Physical layers and media: That about does it for the inner workings of CAN. One last topic we need to examine is the hardware needed for a proper CAN bus implementation. We will do this with a simple CAN bus like the one shown here, where we will be using TINI as a CAN sensor (transmitter) and as a CAN actuator (receiver). The Bosch specification does not include any physical layer details like the media, connectors, pinout, etc. It is possible to implement the CAN protocol on a variety of media like twisted-pair wires, optical fiber or even power lines. The ISO specification does provide details for implementing CAN on twisted pair. The number of devices on a CAN network is theoretically unlimited (remember, that message ID is an ID on the data, not the device, so multiple nodes can be sending messages using the same message ID, which will not limit the network size). The real limit, however, is the signal drive capability of the transmitter, which limits the practical number of nodes to around 30-90 depending on the devices. The CAN network cable length is dependent on the data rate and the media; 1 Mbit/ second is guaranteed by the CAN specification if you are using twisted-pair cabling (like CAT 3 or better network cable) under 40 meters in length. Some typical CAN bus maximum lengths are listed in Table 12-1.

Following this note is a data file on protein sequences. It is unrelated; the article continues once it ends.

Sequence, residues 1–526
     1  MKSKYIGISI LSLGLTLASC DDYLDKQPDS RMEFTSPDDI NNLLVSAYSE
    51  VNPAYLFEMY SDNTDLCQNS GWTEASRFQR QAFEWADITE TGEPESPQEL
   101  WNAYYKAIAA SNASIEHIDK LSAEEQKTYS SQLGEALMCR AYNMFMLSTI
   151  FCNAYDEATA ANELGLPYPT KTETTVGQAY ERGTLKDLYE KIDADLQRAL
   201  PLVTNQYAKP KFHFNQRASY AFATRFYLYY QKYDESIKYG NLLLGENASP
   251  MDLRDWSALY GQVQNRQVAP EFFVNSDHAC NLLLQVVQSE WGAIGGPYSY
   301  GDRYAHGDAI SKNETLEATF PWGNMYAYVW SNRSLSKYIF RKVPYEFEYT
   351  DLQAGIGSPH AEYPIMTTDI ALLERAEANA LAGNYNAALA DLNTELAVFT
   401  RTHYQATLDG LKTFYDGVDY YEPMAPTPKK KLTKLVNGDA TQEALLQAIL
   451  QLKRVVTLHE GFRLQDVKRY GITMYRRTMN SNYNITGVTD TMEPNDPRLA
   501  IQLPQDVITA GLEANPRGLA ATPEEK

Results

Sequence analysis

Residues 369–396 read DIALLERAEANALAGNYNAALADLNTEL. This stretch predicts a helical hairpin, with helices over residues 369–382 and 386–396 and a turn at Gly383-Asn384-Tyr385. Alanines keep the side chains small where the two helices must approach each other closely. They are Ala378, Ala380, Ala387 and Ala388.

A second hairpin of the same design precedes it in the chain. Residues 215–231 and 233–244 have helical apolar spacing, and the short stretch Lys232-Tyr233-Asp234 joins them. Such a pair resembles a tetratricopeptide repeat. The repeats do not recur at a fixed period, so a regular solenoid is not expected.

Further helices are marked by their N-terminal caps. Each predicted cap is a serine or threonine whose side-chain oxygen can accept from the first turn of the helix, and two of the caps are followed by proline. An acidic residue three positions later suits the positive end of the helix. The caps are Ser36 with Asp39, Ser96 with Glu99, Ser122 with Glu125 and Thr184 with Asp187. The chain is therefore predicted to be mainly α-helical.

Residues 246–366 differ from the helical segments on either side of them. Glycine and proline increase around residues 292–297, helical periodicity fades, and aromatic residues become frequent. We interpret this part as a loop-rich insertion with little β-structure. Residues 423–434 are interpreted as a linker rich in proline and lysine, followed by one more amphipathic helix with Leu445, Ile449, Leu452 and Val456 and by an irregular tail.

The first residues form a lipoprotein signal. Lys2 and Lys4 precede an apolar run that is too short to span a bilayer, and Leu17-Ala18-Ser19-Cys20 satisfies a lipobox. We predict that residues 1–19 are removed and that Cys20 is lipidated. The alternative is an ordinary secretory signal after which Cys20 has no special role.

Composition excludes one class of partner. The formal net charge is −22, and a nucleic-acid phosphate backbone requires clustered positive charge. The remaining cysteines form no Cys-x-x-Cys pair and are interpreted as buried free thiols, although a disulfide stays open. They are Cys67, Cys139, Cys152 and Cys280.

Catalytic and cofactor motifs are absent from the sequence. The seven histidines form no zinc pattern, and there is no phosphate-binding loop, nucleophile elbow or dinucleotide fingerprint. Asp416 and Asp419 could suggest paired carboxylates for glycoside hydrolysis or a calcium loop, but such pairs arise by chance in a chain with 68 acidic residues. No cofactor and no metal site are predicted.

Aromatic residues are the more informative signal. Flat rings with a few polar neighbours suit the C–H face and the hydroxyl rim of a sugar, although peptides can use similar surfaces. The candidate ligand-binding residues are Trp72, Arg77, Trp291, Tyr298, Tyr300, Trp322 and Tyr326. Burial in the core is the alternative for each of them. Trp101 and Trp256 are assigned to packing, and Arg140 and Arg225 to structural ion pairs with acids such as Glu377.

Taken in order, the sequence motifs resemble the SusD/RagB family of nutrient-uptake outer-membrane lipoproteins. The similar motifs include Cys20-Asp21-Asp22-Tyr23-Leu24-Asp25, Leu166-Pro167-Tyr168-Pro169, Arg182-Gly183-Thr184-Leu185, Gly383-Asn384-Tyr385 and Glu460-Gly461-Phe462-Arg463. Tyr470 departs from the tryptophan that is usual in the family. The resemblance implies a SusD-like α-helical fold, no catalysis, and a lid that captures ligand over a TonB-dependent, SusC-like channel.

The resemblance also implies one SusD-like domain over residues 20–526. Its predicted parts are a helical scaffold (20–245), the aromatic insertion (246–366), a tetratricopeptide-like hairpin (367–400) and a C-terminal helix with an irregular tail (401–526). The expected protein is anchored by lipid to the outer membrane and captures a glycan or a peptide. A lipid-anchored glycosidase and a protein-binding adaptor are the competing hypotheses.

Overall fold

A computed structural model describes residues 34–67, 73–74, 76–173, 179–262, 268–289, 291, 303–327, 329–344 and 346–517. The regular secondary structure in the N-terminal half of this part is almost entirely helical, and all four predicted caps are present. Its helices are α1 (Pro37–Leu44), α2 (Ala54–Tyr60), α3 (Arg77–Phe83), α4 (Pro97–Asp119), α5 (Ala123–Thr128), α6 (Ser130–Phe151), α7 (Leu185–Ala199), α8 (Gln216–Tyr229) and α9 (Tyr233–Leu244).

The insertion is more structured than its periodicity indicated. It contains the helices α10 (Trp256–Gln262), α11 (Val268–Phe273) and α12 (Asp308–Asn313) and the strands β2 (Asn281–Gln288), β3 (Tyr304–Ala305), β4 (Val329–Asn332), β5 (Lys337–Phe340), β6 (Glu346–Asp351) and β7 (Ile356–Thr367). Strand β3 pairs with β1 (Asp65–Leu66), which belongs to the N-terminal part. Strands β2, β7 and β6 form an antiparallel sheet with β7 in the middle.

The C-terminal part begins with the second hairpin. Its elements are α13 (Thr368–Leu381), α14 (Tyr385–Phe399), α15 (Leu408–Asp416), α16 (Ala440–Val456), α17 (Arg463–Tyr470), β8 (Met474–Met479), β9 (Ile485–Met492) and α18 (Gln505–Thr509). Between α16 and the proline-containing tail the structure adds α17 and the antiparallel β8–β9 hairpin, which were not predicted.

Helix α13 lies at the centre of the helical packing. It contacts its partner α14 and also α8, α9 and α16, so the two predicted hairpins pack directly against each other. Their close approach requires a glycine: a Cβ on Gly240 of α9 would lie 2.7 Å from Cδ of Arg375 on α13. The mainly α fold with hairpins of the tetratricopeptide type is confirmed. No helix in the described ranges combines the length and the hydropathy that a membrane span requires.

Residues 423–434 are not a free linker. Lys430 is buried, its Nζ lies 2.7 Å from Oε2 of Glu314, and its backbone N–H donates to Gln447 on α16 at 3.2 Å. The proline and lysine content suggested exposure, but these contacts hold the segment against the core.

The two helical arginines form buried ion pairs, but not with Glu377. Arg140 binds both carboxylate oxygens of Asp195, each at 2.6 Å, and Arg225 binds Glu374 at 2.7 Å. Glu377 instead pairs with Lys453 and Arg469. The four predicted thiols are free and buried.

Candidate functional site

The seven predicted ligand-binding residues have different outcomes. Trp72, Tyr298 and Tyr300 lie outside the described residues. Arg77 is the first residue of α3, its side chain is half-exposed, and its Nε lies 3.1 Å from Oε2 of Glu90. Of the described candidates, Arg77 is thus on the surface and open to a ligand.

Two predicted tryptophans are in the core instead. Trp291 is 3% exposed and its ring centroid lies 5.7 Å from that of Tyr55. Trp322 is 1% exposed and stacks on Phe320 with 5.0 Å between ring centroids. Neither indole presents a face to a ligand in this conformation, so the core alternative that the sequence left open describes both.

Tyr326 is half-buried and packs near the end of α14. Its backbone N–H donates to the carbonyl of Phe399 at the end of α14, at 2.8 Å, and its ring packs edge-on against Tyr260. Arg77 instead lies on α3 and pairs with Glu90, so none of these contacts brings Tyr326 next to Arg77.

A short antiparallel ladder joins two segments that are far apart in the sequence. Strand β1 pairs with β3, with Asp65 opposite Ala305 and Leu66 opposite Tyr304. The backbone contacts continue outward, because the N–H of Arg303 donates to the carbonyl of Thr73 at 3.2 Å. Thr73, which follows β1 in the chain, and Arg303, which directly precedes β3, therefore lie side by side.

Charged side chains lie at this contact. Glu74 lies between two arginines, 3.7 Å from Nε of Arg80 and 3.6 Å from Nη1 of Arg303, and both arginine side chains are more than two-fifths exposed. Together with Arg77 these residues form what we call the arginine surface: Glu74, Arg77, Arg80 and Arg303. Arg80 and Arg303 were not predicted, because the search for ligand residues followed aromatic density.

The ISO specification also specified terminating resistors of 120 Ω on each end of the CAN bus to cut down on reflections, which can increase the error rate on the bus, but these are often unnecessary at low data rates (< 125 kbps).
Figure 12-11: Some common CAN connectors
There is no standard for the CAN connector. Each higher layer protocol (we talk about them in the next section) defines its own. Some common connectors include the 9-pin D-subminiature connector (like what is common on PC serial ports), the 5- pin mini quick disconnect, the 4-pin micro quick disconnect (or quick change) and screw-terminals.